Sen. Joe Gruters brings his fight against dark money to the Senate.
The first-term state lawmaker filed a bill (SB 224) to stop the practice of contributions funneling through multiple political committees, his third attempt since joining the Legislature in 2016.
“We have legal laundering of campaign contributions through a system so nobody can see it,” Gruters said. “I want to shine some Florida sunshine and make it more transparent.”
It’s important to Gruters: When he first ran for the House, a barrage of attack ads hit mailboxes in the days before the Republican primary.
Gruters, chairman of the Republican Party of Sarasota and the clear fundraising leader in the race, ultimately beat Tea Party activist Steve Vernon by just 385 votes.
Even as a certified public accountant, Gruters said he can’t say precisely where the funding for those attack ads originated.
“I can’t tell you where some of the money is coming from and where it is going,” he said.
But will a shift eliminate dark money or just change the channels through which it flows?
Accountant Eric Robinson, a sought-after campaign treasurer, said he supports Gruters’ bill and any effort to make the process more transparent, but balks at the term ‘dark money.’
“Most of the PACs I do are tied to a particular candidate,” Robinson said. “I don’t see people send to a bunch of PACs very often. I rarely see that occur in real life.”
Robinson, who said as a campaign treasurer almost all of his efforts go toward disclosing information to the public, said it’s uncommon for people to donate to multiple PACs in order to cover their tracks.
He’s familiar with the attack ads on Gruters, but said much of the obfuscation of the source of money behind those ads came from individuals failing to properly disclose information.
“If they didn’t violate the letter of the law, they clearly violated the spirit,” he said.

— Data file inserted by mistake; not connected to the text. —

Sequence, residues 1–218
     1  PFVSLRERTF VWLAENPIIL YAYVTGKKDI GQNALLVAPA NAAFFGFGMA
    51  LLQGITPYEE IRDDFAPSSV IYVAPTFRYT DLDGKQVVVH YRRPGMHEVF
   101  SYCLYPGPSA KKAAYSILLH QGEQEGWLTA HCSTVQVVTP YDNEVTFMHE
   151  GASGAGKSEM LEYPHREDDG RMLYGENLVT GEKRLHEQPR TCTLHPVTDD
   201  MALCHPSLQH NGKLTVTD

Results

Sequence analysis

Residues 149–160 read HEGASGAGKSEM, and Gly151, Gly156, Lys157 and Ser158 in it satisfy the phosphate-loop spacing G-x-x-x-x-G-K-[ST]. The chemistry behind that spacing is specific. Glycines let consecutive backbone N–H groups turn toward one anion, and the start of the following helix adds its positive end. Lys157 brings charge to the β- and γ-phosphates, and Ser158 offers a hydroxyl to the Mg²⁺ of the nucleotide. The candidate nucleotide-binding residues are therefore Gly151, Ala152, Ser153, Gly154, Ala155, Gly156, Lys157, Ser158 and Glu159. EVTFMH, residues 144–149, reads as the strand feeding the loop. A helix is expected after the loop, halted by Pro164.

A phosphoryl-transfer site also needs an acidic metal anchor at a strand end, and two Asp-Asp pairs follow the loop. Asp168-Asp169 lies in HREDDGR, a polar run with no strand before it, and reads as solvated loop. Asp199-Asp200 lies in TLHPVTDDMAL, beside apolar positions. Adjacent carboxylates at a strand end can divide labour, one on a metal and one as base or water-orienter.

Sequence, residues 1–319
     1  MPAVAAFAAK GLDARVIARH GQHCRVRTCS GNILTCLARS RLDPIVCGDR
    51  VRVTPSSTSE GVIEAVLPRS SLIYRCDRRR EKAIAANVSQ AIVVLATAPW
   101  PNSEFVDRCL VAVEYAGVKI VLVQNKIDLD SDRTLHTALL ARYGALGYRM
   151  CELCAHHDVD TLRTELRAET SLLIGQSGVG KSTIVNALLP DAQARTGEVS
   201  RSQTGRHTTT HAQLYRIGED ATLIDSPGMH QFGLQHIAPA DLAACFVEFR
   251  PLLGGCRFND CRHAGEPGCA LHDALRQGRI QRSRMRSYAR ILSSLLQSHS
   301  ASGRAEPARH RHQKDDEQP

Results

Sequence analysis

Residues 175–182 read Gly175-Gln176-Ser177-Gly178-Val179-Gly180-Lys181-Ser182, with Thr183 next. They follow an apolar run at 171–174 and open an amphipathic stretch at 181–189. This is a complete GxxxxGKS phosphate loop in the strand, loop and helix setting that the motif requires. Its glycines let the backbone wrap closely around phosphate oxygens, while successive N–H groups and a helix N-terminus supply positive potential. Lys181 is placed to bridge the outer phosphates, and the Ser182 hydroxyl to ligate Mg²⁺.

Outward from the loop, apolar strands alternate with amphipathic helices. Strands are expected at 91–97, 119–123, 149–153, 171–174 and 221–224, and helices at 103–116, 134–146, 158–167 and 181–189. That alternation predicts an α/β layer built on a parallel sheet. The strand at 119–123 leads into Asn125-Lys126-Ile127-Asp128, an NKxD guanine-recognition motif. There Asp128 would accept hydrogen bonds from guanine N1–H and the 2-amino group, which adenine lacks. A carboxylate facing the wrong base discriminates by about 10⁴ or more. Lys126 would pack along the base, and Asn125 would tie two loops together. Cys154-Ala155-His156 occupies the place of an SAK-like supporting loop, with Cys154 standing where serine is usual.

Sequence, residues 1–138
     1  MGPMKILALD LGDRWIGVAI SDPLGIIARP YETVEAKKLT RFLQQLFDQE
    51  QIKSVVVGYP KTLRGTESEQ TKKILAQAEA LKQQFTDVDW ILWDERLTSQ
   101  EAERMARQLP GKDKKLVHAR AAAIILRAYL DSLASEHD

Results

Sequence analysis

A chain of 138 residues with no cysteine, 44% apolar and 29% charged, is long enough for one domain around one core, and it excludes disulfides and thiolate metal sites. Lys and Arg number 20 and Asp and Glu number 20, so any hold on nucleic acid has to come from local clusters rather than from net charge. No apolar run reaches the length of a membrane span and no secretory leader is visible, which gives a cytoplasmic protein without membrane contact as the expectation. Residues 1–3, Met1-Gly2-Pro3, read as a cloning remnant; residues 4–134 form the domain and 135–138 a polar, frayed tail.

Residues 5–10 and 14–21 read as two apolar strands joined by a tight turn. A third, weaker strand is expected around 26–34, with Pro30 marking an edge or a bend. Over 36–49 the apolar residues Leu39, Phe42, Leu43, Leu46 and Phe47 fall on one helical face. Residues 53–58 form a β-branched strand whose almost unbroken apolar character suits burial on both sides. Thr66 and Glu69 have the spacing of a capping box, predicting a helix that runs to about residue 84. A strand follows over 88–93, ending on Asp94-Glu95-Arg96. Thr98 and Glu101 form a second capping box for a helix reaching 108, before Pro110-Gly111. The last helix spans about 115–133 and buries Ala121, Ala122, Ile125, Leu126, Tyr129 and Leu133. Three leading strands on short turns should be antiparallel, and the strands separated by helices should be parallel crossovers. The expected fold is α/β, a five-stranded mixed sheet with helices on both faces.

There’s value, though, to individuals being able to donate to certain political committees that in turn get involved in races. He’s donated in the past, for example, to a committee focused on the needs of CPAs. Is there a problem with that committee then supporting candidates on the side of CPAs?
Gruters said he’s also donated money to PACs and as a political leader wants to employ every tool available to best effect.
“I’m not going to be disadvantaged by not taking advantage of the law,” he said.
But he doesn’t like that money can be given to committees, and then donated again to other committees, including those controlled by candidates themselves. That erases the paper trail and makes it impossible to see the ways individuals support candidates.
This marks Gruters’ third attempt to change the law. He filed similar legislation the last two years when he served in the House, and hopes for better luck on the issue filing a bill in the upper chamber.
He shared a graphic (see below) when he argued for his House bill that shows how money can move through multiple committees before being spent to influence a particular campaign.
“People on both sides use it to their advantage,” he said. “I’m not trying to look at any particular person or group. It’s the system. Sometimes it takes a while for the system to change, but we can all save ourselves some grief.”